amongst Christians and Moslems in Eritrea. Astier Almedom describes one
such incident, a very bloody incident, in her paper "Re-reading the
Short and Long-Rigged History of Eritrea 1941–1952 : Back to the
"...on Wednesday 28 August 1946, the day of Eid (Feast at the end of the
Islamic fasting month of Ramadan) a fight broke out in Abba Shaul, the
poorest part of the Eritrean quarters of Asmara, in which one Sudanese
man died and a few others were injured. As soon as the news of the death
reached their barracks, about 70 Sudanese soldiers "careered murderously
through Asmara´s native quarter armed with weapons ransacked from the
armoury"…Predominantly Christian residential areas were targeted and
those who did not wear a turban or an amulet or had the Coptic cross
tattooed on their foreheads (as was common among Orthodox Christian
women) were dragged out of their homes, lined up, and executed on the
streets of Asmara. Ullendorff (1988) noted that this happened between 5
and 6 pm, and that he and his wife had heard the sound of "heavy
machine-gun fire, loud and prolonged. As soon as we realized that
something pretty serious was happening we went to the Senior Officer´s
Mess, less than five minutes´ walk from the Hamasien Hotel the Massacre
which lasted about two hours claimed the lives of 46, leaving about 70
wounded; of which 3 of the dead and 13 of the wounded were Sudanese
[possibly victims of ´friendly fire´, as there were no records of
Eritreans firing back]..."
In addition, during Eritrea´s 30-year long struggle for independence,
Christians and Moslems lived and fought together to liberate Eritrea.
Even though there were efforts to disrupt and divide the people between
ethnic and religious lines, these efforts were immediately recognized
and thwarted.
So what is the problem today? For that, I think it is easier to take a
look at how these new churches are being established and what their
goals are. We will take a look at one of the churches that was
established in the early 40s and one that was formed in the 60s. I chose
these two because the missionaries involved with these two churches have
written extensively about them, making it easy for me to illustrate the
problem. Just because the churches were established way before Eritrea´s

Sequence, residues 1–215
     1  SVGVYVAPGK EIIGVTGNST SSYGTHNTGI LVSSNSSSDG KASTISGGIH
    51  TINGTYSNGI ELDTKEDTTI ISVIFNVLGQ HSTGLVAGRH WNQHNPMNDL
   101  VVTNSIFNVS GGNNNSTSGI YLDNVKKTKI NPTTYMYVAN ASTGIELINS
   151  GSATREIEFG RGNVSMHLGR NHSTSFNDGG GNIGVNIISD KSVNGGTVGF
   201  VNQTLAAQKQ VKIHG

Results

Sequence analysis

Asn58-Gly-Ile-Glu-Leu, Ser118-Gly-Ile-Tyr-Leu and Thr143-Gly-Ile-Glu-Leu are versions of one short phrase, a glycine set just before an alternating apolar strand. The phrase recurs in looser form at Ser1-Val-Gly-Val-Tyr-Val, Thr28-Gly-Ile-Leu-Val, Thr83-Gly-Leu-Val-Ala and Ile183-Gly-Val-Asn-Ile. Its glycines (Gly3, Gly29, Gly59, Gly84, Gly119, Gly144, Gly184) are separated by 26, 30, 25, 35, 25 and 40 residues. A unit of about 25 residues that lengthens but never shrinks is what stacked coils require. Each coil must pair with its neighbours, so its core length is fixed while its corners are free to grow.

independence doesn´t mean that they are good for Eritrea, or that they
ever had the best interests of the people of Eritrea, as one shameless
Eritrean scholar-for-rent suggested in one of his recent posts.
For example, in Africa, the Assemblies of God (AG) had over 245
missionaries in 50 countries. There are 49585 Assemblies of God churches
and preaching centers, 48448 national and lay ministers, 232 Bible
schools and 11964 Bible school students established in Africa. This
mission operates all over Africa and is primarily responsible for the
huge number of "churches" mushrooming all over Africa. Here are the
staggering numbers :
The Burkina Faso fellowship formed in 1944 and is the largest church in
the nation of the 6,000-plus churches and preaching points in that
country. Besides emphasizing home missions to the nation´s 58 distinct
tribal groups, the Fellowship has sent and supported missionaries to
Niger, Senegal, Mali, Benin, Guinea, and Belgium.
In Tanzania the focus is on reaching the nation´s 160 cultural groups
and 120 tribes. Its concerted church planting strategy and
cross-cultural home missions training have been significant in the
fellowship´s growth. In 1980, TAG consisted of 275 churches and
preaching points. Today that number has mushroomed to more than 3,200
with at least 100 churches in Dar es Salaam, the capital. Nearly 500,000
adult believers attend AG churches each week.
First introduced to Kenya in 1921 and today nearly 3,200 churches and
preaching points have been planted around the nation.
In Nigeria the church´s growth is said to grow at approximately 400
churches yearly. There are more than 10,000 churches and preaching
points, and the Nigerian church is the largest AG fellowship in Africa.
The Nigerian AG has been instrumental in the development of the
Pentecostal church in Niger.
Let us take a look at AG in Eritrea.
Jerry Falley and Maxine Falley are two American missionaries with the
Assemblies of God who have written about their "adventure" in Eritrea.
In their story they tell how Eritrea was chosen by these American
"...A month earlier, Eritrea had been recognized by the United Nations
as the newest African Republic. Following 30 years of guerrilla warfare,
it appeared the society would be fertile soil for church planting. Since
the Assemblies of God had not yet entered Eritrea, Ethiopia or Sudan, I
asked to survey those three countries. My Area Director agreed… God
threw a curve ball and turned me toward the horn of Africa… On my flight
from Nairobi, Kenya to Eritrea, I spent one week in Addis Ababa,
Ethiopia which was a wonderful introduction to the horn of
Africa…Staying at a missions´ guesthouse, I met a man who had just come
from Eritrea. He kindly recommended a hotel in Asmara and gave me the
telephone number of Kuflu Meskel, chairman of the Board of Elders at the
Full Gospel Church and a mathematics professor at Asmara University..."
Soon both Jerry and Maxine Falley were in Eritrea. They say that their
primary mission was to work with the un-reached populations-the Afar,
Beja, and Rashaida they also knew that without a national link, they
could not do what they wanted to do. They established a link with the
Full Gospel Church in Eritrea through correspondence, a visit and then
by providing for the Church. Falley wrote that the mission had provided
half $4500 of the $9000 needed to buy a large tent that was sent to
Eritrea for the Church´s use. The balance of $4500 was raised by the
local Church members. Falley wrote that the check for payment for the
tent was brought from Asmara by an Eritrean American. Falley also writes
about the Church in Eritrea and its needs.